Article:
The victory is bittersweet as Damian makes it clear all is not forgiven and he seems ready to move on.  So while Batman did manage to save his family, it did end up with the heartbreaking loss of his son.  Sure no one died and no one was physically hurt, but the emotional trauma was impactful.  Even with winning, there is still loss for Batman —  perhaps even the ultimate loss.

The issue does have some loose ends.  Where is The Mirror in all of this?  After building up the character and using him to enrage the citizens of Gotham he is nowhere to be found.   This makes me wonder if Tomasi did not actually get a chance to finish his story before Future State takes over DC comics in the new year.  The Chris Nakano arc comes to a conclusion as well and Nakano questions his future as much as the reader does, “What do I do now?” Will this be a storyline carried into Future State or even into Infinite Frontier?  I feel like Bruce Wayne in Batman Forever, “It just raises too many questions.”

Brad Walker goes out with a bang!  This is one of the better issues out of the thirteen he has blessed us with.  What stands out from page one is how Walker overlays flashbacks with the current action.   You get teased with this style early on, then he takes it to the next level during the fight with Hush.  One image is perfectly placed on top of another, never once do the images in the background interfere with those in the foreground.   Every time I open a Brad Walker book I find something new and interesting about his artwork and how he truly does visually stimulate your eye.

The action panels are wonderful, seeing Batman and “Robin” search, rescue and fight is a sight to behold.  The action is easy to follow and fluid from the point of entry to the final blow, nothing short of glorious.  When Batman takes off the cape and gloves and starts going at Hush bare-knuckle, there will not be a fan without a huge grin on their face.  All of the Walker trademarks are present in this issue; the creative panel placement and those facial expressions that bleed emotion.  From the look of question and concern on Nakano’s face, Hush and his ferocious look of anger to the heart-melting looks of sorrow and despair on both Bruce and Damian.  Walker is a class act and I have fallen in love with his artwork.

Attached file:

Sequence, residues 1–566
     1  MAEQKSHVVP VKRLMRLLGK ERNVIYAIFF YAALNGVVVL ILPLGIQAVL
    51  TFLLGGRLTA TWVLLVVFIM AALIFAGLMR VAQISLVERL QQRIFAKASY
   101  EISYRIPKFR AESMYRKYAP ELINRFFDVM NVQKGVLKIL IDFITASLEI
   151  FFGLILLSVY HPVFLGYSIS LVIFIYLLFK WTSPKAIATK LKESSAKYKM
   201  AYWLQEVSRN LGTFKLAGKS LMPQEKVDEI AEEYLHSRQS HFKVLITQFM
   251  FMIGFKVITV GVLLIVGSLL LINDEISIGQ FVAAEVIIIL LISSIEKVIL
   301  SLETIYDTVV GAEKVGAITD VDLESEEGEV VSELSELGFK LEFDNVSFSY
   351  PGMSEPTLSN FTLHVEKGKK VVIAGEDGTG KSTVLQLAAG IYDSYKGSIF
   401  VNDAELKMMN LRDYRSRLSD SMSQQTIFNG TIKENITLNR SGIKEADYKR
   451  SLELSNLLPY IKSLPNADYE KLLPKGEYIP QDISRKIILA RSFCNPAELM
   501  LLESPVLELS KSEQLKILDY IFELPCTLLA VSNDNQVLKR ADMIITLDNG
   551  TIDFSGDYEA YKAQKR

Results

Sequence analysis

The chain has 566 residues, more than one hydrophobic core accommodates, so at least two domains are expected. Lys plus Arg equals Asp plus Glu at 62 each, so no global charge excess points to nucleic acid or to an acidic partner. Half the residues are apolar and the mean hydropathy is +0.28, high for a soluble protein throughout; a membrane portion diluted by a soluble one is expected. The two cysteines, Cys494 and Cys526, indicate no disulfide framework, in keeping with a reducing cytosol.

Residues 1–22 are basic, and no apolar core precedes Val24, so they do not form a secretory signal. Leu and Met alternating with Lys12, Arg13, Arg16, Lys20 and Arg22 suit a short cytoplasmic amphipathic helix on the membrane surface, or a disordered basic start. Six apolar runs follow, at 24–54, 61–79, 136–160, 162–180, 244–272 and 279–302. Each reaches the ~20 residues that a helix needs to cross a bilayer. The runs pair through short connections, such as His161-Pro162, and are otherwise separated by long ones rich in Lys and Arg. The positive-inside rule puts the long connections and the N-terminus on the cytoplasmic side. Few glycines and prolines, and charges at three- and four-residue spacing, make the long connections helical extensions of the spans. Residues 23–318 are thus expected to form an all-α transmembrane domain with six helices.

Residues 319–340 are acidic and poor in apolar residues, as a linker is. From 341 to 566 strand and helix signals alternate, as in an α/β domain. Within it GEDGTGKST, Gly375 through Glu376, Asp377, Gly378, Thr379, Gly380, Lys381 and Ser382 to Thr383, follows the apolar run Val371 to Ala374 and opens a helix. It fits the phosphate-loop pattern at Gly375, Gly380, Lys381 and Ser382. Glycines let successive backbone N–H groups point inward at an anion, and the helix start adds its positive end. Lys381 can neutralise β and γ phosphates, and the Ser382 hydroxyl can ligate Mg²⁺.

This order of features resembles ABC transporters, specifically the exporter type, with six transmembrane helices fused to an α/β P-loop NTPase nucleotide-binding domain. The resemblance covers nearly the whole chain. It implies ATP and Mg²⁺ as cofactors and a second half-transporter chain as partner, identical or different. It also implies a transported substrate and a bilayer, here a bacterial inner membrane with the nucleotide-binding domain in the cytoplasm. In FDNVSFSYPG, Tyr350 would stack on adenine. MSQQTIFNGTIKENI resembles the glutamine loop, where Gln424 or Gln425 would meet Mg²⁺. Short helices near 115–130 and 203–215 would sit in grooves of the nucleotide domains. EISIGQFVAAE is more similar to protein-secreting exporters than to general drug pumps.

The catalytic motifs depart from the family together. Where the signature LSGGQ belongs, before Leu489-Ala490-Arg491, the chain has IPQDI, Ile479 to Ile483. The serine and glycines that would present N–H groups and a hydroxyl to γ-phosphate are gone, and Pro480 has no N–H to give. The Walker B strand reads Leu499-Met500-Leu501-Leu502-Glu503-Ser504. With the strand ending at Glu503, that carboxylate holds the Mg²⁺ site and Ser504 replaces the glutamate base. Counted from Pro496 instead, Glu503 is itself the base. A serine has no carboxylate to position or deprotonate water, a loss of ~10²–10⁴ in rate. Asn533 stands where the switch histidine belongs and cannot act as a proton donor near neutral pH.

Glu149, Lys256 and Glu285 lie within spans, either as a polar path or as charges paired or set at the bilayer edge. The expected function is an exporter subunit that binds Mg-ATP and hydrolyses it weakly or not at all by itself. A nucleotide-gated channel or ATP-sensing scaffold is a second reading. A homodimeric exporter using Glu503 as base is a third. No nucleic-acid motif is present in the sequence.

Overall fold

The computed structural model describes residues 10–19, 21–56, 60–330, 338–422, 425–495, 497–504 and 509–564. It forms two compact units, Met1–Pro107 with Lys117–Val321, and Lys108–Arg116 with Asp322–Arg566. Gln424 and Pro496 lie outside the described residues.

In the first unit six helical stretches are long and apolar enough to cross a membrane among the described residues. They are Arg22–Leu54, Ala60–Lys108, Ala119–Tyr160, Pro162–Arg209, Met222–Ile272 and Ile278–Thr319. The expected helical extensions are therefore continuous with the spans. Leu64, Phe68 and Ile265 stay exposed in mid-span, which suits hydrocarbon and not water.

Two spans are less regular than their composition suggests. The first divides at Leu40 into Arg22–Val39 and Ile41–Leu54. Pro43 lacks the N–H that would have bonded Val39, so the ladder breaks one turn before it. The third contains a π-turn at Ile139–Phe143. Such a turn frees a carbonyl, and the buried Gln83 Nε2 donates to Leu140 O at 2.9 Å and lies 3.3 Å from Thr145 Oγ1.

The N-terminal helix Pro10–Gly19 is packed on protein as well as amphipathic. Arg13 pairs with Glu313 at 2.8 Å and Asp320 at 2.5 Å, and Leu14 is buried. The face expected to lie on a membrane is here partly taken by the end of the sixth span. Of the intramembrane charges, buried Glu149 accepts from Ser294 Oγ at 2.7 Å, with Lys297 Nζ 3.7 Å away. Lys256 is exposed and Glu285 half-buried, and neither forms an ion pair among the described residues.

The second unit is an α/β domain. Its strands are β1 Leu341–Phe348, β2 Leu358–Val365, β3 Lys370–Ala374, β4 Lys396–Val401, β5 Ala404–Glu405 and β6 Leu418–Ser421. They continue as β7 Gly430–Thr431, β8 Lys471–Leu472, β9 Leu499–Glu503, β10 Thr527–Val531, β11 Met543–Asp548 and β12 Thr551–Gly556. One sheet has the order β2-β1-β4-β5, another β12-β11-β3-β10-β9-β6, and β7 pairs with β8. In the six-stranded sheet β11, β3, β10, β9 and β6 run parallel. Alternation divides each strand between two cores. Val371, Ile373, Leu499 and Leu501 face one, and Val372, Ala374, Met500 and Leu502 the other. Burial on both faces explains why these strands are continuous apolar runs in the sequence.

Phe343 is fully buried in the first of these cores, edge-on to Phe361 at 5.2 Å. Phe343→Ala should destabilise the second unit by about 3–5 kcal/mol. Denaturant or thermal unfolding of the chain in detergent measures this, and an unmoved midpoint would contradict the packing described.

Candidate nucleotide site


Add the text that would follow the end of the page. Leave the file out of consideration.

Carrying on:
Tomasi’s run in Detective will be talked about by fans for a long time.  It will age gracefully as we get further and further out, as readers collect trade paperbacks. Reading about a Batman who at times ditched the gadgets and utility belt and went back to the basics with hardnosed detective work, adding the classic feel to this title that fans have been missing for some time.  Revitalizing some of the most beloved villains while adding little things along the way, leaving his mark.  Tomasi is a true legend in the game and the only question you can have after reading this run is…

Do you prefer Tomasi’s Detective Comics or his Batman and Robin?  Let the great debate begin! – Peter Verra